In short order, we had greatly improved the value proposition for our Unified IP platform. We doubled the adoption rate of our workforce optimization suite and heavily invested in a radically reinvented user experience/user interface for all of our products, and began our shift to SaaS cloud offers, both through organic R&D and acquisitions. We also took a heavy dose of our own medicine and rethought our professional services approach, retooled customer care and re-platformed all of our key internal systems onto modern cloud platforms with an emphasis on self-service. It has been quite a case study for positive change, and it was predicated on saying what we were going to do, and doing what we say.
Stockford: Last year you had to make some tough decisions for Aspect. How did you maintain your cool through the whole reorganization process—or did you?
Bloom: Years before the current leadership team took their posts, the company had accumulated quite a large sum of debt on its balance sheet. The company was growing, and very profitable. But we knew that excessive leverage was not an effective long-term strategy that made sense for us. However, we needed to get the fundamentals around customer operations, products and services, and internal infrastructure in order first. The last big transformation step was finding a strategy to de-lever the balance sheet and redirect more of our healthy cash generation into products and customer opportunities rather than interest payments. Sometimes the best paths forward are counterintuitive. For us, that counterintuitive moment was that a majority of our lenders had offered to convert, what now has become 45% of our debt, to equity. That’s a hard offer to turn down—it’s like having your bank call and offer to reduce your mortgage by 45%. In the course of 10 weeks, we were able to get through the process with a super-majority of support from our lenders and emerge as a transformed company with no interruption of service to our customers, employees or suppliers, whatsoever. Something we would not have succeeded at without the quality of people I have on my team.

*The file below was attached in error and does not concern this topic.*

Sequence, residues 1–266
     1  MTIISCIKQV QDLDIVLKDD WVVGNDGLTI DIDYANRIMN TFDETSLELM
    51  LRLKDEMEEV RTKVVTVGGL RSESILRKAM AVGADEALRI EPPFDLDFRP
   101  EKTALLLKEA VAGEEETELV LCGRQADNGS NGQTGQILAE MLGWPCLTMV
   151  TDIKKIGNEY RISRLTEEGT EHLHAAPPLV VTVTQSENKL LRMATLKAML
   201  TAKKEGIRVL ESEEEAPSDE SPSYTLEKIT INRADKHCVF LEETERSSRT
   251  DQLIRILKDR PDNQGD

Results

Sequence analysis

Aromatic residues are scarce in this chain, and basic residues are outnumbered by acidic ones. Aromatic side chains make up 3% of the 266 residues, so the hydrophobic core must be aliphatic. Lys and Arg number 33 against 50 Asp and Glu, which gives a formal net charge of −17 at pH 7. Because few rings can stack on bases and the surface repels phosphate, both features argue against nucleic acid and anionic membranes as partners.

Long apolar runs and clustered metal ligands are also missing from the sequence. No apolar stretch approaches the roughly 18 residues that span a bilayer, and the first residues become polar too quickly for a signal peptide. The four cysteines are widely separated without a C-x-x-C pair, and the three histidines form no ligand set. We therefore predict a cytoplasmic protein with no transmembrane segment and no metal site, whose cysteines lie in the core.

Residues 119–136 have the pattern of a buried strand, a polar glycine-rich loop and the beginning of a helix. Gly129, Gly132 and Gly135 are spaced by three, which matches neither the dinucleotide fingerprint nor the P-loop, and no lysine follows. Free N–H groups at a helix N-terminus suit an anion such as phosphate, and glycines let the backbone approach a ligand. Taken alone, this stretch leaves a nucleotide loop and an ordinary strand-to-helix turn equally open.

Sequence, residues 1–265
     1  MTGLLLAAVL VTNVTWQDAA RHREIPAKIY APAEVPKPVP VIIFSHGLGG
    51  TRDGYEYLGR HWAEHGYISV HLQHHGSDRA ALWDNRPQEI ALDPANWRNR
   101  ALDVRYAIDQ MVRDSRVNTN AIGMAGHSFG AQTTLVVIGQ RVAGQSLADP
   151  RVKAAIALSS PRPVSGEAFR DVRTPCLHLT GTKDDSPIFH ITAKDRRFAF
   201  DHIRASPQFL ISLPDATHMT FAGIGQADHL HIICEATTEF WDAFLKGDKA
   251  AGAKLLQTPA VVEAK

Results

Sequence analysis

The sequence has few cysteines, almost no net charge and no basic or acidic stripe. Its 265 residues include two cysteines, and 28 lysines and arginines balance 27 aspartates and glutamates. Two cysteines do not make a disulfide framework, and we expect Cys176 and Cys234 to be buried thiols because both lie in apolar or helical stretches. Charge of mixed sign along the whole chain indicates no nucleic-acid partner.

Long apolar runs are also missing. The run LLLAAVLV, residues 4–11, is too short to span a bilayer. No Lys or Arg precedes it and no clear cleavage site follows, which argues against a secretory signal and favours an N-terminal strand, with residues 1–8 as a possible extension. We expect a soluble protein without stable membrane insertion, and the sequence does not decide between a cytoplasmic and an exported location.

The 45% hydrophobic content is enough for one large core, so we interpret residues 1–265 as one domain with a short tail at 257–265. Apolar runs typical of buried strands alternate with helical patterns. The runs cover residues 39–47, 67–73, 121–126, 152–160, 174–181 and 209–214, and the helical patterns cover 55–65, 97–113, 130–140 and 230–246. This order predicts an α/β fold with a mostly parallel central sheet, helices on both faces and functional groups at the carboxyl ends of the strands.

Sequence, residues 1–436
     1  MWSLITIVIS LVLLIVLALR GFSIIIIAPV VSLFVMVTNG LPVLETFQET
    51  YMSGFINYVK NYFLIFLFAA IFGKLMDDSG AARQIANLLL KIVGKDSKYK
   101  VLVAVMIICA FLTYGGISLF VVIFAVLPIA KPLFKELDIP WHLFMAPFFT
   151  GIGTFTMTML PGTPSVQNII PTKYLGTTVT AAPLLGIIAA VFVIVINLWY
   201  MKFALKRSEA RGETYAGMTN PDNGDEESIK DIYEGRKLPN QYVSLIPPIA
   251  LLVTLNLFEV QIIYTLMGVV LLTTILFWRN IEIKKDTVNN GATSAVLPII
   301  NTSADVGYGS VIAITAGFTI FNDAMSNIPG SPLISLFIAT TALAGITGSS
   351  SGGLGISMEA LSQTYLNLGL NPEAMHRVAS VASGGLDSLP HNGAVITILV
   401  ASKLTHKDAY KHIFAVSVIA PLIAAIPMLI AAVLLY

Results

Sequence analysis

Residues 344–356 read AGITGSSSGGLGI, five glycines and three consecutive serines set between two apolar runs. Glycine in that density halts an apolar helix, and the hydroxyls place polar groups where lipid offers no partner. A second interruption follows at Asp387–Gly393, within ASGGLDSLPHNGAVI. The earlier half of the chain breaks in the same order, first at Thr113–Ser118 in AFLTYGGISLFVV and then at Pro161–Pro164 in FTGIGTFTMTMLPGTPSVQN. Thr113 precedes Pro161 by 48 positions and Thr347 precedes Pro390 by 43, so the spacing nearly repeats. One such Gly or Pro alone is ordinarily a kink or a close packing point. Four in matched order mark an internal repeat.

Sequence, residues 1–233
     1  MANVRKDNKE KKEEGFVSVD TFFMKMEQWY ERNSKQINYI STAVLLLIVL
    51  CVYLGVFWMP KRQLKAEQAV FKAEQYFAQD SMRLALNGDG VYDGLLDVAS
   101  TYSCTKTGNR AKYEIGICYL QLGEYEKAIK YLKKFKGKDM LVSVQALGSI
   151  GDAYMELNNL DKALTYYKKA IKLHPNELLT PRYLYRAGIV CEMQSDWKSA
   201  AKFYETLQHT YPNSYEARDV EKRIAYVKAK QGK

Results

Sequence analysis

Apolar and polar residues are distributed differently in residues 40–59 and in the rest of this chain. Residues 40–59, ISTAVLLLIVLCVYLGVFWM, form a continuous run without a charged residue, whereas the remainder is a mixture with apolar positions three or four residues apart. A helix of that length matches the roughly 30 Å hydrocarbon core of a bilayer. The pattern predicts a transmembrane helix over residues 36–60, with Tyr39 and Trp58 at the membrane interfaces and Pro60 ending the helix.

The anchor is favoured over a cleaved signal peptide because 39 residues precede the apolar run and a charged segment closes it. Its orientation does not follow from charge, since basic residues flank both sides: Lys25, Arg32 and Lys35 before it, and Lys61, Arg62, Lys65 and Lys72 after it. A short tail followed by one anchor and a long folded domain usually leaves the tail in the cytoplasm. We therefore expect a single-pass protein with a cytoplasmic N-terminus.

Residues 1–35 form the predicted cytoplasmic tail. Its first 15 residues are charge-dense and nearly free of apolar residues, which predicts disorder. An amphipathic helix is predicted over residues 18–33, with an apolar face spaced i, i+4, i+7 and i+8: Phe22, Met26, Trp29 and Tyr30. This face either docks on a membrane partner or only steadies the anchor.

So did I maintain my cool? Well, I think there were plenty of opportunities to melt down when you take on a process like that. But, my philosophy is that you have to index a problem or challenge appropriately. The worst day in a financial restructuring process is still much better than learning a loved one has passed away or an employee has taken seriously ill. So, you keep your perspective and lay down the right stepping stones for success. The first stepping stone began with surrounding ourselves with great professional advisors, communicating non-stop with our employees, customers and suppliers and keeping our eye on the ball. In this case, “the ball” was asking our global workforce to focus solely on serving your customers every day, and knowing that when the restructuring process is done, as a leader, you will have guided the company to a great outcome with less debt, more agility and a great path forward with no financial obstacles. We had the opportunity to become a more viable and relevant provider to our customers for the long term, and that’s clearly what the outcome was for Aspect.
Stockford: Where are you going to take Aspect next?
Bloom: Part of “where next” is unfolding right now. We have always professed to our customers that we will deliver our solutions to the market in the modalities they want to have them delivered. We continue to deliver a strong perpetual software license set of products on customer premises. And now, the pace of growth of our cloud products has usurped our on-premises products. So the market has spoken and, as such, we have just released our latest platform hatched from Aspect Labs, which is our fully browser-based Aspect ViaTM Customer Engagement Center platform. Aspect Via is delivered through Amazon AWS and fuses the best of our ACD, dialer, campaign management, analytics, workforce optimization, self-service and CRM integration into a gorgeous user experience for agents and supervisors. The feedback has been outstanding, the value proposition is substantial as our customers look for ways to simplify their technology infrastructure and variabilize costs, and we believe it will be the fastest growth platform in the industry, no less the long history of Aspect.